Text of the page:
At the start of the 2013 MLB season, Men's Health magazine whiffed on its cover story about the game's young stars. It put Bryce Harper on one cover, Buster Posey on another, Mike Trout on another, and the three of them together on a fourth version. They represented California, south and north, and the nation's capital. Baseball's best selling point was missing, lost somewhere in its Bermuda Triangle.

Then the season started, and the intersection of the Ohio, Allegheny and Monongahela rivers returned to the MLB map after 20 years, bringing Andrew McCutchen into high-def focus, where he belonged.

If anyone in the sport right now can become the kind of crossover star that brings marketing gurus to their knees, it's the Pittsburgh center fielder. He's won the NL MVP award at 27. He does spot-on impersonations of everyone from Tom Cruise to Albert Pujols, and drawing cartoon figures like a pro. He outfitted a girls' softball team that had been ripped off after raising money for new uniforms. His mother sings the national anthem before games.

Suffice it to say if all the things that defined McCutchen before Wednesday weren't enough to send his Q rating into the stratosphere, the proposal on "Ellen'' pushed him over the top. It wasn't just that he asked his girlfriend of four years, Maria Hanslovan, to marry him on national TV, or even that he did it with DeGeneres as his wingman.

That's all significant, no doubt. When a guy sporting dreads and earrings makes a declaration of love with help from a female accomplice who is famously married to another woman, and it all plays out as the Wonder Bread of afternoon entertainment, you know you're in 2013. As baseball seeks connections to modern culture, this knocks the hide off "That's a clown question, bro.''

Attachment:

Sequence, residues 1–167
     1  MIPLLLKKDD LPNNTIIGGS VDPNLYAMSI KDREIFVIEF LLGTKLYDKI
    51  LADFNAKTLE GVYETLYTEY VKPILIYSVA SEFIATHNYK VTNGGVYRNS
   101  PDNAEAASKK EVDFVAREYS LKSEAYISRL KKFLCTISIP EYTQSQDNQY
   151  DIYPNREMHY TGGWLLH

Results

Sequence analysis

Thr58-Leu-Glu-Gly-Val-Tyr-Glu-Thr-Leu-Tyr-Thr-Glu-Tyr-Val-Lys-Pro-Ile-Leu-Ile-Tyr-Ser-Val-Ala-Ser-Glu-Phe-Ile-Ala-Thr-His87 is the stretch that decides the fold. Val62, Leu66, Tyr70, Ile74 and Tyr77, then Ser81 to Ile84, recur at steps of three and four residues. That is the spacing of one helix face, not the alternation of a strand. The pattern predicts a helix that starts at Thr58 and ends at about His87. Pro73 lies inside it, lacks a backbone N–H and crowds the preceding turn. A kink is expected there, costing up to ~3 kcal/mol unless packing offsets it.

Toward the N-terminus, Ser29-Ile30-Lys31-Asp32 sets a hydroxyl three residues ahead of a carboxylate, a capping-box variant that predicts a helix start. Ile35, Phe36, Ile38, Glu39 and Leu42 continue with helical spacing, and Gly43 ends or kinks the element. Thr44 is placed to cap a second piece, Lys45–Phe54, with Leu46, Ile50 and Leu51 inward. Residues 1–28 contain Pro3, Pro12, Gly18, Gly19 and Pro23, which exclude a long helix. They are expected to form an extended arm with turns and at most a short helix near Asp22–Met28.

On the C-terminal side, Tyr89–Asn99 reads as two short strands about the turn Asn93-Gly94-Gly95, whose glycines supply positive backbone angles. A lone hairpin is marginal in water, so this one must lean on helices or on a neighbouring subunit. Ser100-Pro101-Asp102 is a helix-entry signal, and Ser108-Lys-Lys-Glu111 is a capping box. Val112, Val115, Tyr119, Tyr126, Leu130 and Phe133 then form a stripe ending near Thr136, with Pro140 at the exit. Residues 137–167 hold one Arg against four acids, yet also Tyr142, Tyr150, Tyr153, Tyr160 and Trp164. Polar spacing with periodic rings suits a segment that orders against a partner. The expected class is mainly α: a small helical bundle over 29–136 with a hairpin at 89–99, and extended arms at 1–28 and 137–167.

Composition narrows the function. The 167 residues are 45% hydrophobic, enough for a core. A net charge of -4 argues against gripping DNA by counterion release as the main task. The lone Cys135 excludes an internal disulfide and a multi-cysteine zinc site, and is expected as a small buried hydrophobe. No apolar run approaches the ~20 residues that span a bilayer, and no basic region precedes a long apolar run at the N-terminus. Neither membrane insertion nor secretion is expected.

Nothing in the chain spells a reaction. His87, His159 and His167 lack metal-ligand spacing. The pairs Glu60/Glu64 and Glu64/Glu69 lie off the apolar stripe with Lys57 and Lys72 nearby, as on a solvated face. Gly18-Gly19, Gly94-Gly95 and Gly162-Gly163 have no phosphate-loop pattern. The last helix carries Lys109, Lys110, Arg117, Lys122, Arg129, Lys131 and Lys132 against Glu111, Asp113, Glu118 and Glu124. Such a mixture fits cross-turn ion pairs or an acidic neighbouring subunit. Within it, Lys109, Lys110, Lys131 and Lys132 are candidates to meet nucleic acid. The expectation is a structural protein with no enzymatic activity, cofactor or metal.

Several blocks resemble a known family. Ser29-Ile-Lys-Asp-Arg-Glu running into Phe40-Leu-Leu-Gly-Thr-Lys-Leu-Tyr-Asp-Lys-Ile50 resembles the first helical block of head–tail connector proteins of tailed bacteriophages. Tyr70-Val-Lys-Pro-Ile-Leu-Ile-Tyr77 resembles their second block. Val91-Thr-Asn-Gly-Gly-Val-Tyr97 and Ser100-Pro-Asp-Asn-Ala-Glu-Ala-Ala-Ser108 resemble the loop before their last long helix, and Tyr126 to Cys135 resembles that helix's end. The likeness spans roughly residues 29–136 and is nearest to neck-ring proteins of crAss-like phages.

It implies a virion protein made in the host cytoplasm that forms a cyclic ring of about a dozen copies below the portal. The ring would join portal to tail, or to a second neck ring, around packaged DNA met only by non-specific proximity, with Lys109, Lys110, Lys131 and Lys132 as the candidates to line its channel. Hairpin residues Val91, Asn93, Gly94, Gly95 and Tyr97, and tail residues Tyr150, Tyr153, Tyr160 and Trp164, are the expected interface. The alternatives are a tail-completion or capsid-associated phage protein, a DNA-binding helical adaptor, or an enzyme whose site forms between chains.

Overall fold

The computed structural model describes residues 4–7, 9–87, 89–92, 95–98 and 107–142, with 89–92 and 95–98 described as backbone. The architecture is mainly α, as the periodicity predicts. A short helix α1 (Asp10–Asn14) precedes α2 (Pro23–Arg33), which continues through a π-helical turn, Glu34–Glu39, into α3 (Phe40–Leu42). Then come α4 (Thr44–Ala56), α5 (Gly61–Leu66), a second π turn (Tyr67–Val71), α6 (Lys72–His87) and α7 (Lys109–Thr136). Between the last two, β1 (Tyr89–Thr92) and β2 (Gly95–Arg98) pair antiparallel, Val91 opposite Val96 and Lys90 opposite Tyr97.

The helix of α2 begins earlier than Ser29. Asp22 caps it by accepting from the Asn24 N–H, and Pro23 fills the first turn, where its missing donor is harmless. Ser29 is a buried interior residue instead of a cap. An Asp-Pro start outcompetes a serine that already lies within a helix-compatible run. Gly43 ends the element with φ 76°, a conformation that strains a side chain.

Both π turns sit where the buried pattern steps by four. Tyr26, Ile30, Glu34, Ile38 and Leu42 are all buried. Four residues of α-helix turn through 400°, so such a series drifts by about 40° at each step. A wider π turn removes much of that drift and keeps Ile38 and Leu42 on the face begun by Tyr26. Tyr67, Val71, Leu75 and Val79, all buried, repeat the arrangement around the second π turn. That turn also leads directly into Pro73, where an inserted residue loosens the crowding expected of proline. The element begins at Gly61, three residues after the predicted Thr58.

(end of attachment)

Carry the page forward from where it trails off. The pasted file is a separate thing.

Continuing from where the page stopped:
His proposal could easily have turned cheesy, even for someone from the generation that lives perpetually on digital stages. But charisma derives from small gestures more than the grand variety, and McCutchen's a master of detail. Just look at the way he handles the goofy Pirates top hat that Ellen offers as a wedding gift. He knows it won't fit and says so, but he gamely balances it on his head anyway, standing awkwardly to make the hat stay put and avoid even a hint of rudeness toward his host. There are few things more endearing than watching a famous person decline the chance to take himself too seriously. The effort called to mind this little shimmy away from embarrassment on the basepaths, after McCutchen initially bit on a pickoff bluff to second base. He just had some fun with it.

Does he have the stuff to draw people to their TV screens, to grab national endorsements and become a brand unto himself? Baseball has been looking for such a player since about the time Simon and Garfunkel started asking where Joe DiMaggio had gone. Ken Griffey Jr. could have been a contender, but he was held back by location and a strike that alienated the public in his prime. Derek Jeter had the credentials: He is as strong-and-silent cool as Tom Brady, and he has more rings than the Patriots' quarterback. But fame comes more easily to football players these days, especially the guys behind center.